Low-Dose Aspirin May Not Reduce Heart Risks for Black Americans, Study Finds

It’s fairly established medical science that people who have had heart attacks can take regular low doses of aspirin to significantly lower their risk of having another heart attack, or other heart problems including stroke. But it is still an open question whether or not people who haven’t had a heart event, but are at higher risk of one (because, for example) they have diabetes, high blood pressure, or elevated cholesterol levels), can also benefit from the over-the-counter painkiller and anti-inflammatory drug. A new study, published in the Journal of the American Heart Association, adds to that debate by addressing a gap in the research on the subject: whether race or ethnicity makes a difference in how aspirin affects their risk of heart disease. The U.S. Preventive Services Task Force (USPSTF), an independent body of experts convened by the U.S. government to explore such health questions, determined in 2016 that people could prevent a first heart attack by taking low-dose aspirin if they are between 50 to 59 years old and have a greater than 10% risk of a heart event in the next 10 years. (That overall risk is calculated by taking into account a variety of risk factors such as weight, blood pressure, cholesterol and diabetes.) But for those between 60 and 69 years old, the USPSTF recommends discussing the benefits and risks with a doctor; while aspirin can lower the inflammation that pushes plaques in the blood vessels to rupture and then form clots that c...
Source: TIME: Health - Category: Consumer Health News Authors: Tags: Uncategorized aspirin Drugs Heart Disease Source Type: news

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Source: Trends in Food Science and Technology - Category: Food Science Source Type: research
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Source: Fight Aging! - Category: Research Authors: Tags: Newsletters Source Type: blogs
In this study, researchers studied 438,952 participants in the UK Biobank, who had a total of 24,980 major coronary events - defined as the first occurrence of non-fatal heart attack, ischaemic stroke, or death due to coronary heart disease. They used an approach called Mendelian randomisation, which uses naturally occurring genetic differences to randomly divide the participants into groups, mimicking the effects of running a clinical trial. People with genes associated with lower blood pressure, lower LDL cholesterol, and a combination of both were put into different groups, and compared against those without thes...
Source: Fight Aging! - Category: Research Authors: Tags: Newsletters Source Type: blogs
(CNN) — If you’re a healthy older adult looking for ways to reduce your risk of heart attack and stroke, don’t turn to that age-old standby: daily low-dose aspirin. It’s no longer recommended as a preventative for older adults who don’t have a high risk or existing heart disease, according to guidelines announced Sunday by the American College of Cardiology and the American Heart Association. “For the most part, we are now much better at treating risk factors such as hypertension, diabetes and especially high cholesterol,” said North Carolina cardiologist Dr. Kevin Campbell, who wa...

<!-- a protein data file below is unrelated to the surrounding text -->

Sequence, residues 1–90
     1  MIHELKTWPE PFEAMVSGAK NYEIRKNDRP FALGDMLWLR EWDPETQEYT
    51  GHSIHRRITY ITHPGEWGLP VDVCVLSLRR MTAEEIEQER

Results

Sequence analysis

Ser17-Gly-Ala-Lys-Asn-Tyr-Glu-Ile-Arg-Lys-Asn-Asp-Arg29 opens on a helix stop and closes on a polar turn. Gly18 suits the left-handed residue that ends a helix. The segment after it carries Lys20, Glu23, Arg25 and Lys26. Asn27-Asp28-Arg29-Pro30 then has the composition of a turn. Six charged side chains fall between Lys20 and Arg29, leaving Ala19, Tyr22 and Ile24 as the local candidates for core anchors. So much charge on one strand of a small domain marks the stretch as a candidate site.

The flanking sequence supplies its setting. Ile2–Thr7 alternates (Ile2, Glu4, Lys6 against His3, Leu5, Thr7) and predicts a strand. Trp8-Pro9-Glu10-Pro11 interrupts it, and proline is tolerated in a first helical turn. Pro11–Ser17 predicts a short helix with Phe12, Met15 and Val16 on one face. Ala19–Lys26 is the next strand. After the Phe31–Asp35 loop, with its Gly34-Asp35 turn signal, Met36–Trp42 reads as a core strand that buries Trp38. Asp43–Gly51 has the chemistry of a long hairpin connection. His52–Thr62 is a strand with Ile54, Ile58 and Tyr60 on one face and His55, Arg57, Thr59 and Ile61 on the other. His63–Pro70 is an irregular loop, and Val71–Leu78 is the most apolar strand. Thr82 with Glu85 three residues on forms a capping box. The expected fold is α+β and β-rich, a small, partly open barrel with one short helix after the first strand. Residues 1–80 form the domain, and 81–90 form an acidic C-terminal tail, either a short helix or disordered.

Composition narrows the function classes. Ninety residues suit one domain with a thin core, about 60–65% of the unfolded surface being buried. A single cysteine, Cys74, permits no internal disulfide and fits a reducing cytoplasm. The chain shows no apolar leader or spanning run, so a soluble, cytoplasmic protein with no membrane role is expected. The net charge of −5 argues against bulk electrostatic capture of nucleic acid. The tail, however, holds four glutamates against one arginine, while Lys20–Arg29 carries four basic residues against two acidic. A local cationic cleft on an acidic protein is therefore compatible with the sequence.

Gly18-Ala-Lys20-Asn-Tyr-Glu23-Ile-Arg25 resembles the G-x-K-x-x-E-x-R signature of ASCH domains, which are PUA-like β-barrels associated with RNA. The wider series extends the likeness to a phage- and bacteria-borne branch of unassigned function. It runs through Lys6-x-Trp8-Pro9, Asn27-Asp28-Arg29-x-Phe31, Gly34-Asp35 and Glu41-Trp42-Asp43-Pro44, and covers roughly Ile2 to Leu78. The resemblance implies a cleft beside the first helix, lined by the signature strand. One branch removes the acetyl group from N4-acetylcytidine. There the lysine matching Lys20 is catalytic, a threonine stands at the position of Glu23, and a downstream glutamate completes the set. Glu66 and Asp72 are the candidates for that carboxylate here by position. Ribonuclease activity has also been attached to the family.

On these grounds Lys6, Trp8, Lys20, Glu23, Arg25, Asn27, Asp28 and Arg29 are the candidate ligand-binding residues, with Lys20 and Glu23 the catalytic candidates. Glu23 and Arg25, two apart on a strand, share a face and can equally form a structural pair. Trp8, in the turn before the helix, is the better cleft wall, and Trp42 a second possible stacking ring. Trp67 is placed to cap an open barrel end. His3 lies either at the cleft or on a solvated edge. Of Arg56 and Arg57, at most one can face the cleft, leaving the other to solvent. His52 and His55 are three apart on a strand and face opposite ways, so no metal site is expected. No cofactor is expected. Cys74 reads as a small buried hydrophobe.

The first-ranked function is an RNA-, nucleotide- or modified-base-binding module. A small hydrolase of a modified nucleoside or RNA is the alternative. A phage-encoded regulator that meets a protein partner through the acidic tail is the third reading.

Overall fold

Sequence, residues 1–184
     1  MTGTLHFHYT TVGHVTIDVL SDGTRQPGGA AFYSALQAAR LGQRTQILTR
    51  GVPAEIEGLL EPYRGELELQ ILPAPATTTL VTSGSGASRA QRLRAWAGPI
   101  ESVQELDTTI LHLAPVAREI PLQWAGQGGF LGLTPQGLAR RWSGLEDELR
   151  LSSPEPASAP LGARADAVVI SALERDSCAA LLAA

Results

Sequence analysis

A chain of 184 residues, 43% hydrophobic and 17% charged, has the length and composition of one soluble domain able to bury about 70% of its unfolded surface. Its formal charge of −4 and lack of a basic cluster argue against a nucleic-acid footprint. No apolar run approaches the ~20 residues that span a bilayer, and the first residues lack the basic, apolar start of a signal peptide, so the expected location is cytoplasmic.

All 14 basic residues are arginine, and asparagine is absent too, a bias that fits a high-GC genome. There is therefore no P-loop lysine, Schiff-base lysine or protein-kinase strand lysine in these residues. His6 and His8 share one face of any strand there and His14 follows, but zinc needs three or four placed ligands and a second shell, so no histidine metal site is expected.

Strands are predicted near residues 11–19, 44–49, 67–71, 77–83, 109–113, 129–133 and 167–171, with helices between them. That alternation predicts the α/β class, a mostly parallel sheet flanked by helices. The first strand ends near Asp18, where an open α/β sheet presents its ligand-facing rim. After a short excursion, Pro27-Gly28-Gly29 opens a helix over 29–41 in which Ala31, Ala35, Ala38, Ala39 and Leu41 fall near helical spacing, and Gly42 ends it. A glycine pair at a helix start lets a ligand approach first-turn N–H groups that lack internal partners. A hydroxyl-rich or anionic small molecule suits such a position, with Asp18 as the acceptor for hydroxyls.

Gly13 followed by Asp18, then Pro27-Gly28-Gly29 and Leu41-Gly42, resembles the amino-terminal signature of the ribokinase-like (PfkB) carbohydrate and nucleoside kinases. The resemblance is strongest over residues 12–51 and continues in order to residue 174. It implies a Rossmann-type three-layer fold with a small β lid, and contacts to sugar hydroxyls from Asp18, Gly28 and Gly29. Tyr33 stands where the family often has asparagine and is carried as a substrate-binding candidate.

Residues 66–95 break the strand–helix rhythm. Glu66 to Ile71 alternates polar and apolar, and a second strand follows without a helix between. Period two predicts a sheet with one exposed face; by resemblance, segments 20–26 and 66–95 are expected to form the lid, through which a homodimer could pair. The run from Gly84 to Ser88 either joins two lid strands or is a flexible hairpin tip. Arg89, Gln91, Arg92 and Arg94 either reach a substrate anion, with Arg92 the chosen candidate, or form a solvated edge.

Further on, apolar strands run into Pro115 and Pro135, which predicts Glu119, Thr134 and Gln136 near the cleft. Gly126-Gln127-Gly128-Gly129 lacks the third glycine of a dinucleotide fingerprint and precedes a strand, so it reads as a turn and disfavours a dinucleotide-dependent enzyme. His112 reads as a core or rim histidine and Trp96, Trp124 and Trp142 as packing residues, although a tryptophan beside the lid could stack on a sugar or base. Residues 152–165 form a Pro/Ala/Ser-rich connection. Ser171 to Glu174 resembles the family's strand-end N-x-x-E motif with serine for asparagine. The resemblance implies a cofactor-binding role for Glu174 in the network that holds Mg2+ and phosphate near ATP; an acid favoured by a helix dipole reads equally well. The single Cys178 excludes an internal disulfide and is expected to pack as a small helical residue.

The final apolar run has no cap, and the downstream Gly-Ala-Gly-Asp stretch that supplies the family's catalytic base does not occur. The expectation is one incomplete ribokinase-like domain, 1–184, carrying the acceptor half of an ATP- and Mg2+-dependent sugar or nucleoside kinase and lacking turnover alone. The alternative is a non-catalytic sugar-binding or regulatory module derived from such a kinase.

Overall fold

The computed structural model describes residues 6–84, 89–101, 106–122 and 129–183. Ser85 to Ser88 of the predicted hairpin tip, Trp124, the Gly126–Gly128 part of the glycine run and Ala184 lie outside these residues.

Source: WBZ-TV - Breaking News, Weather and Sports for Boston, Worcester and New Hampshire - Category: Consumer Health News Authors: Tags: Health News aspirin CNN Source Type: news
Aspirin is best known as an over-the-counter painkiller. But acetylsalicylic acid, as it’s called chemically, has many other health benefits, as well as side effects, in the body that have only become clear in recent years. Here’s what the latest science says about the health benefits and side effects of aspirin, as well as which conditions it may treat and those it doesn’t appear to improve. (If you are taking aspirin for any reason other than for periodic pain relief, it’s best to consult with your doctor to confirm whether the benefits outweigh the risks in your particular case.) How aspirin affe...
Source: TIME: Health - Category: Consumer Health News Authors: Tags: Uncategorized Drugs healthytime Source Type: news
Taking a low-dose aspirin every day has long been known to cut the chances of another heart attack, stroke or other heart problem in people who already have had one, but the risks don’t outweigh the benefits for most other folks, major new research finds. Although it’s been used for more than a century, aspirin’s value in many situations is still unclear. The latest studies are some of the largest and longest to test this pennies-a-day blood thinner in people who don’t yet have heart disease or a blood vessel-related problem. One found that aspirin did not help prevent first strokes or heart attacks...
Source: WBZ-TV - Breaking News, Weather and Sports for Boston, Worcester and New Hampshire - Category: Consumer Health News Authors: Tags: Boston News Health Healthwatch aspirin Source Type: news
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Source: Cardiophile MD - Category: Cardiology Authors: Tags: General Cardiology Source Type: blogs
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Source: Fight Aging! - Category: Research Authors: Tags: Newsletters Source Type: blogs
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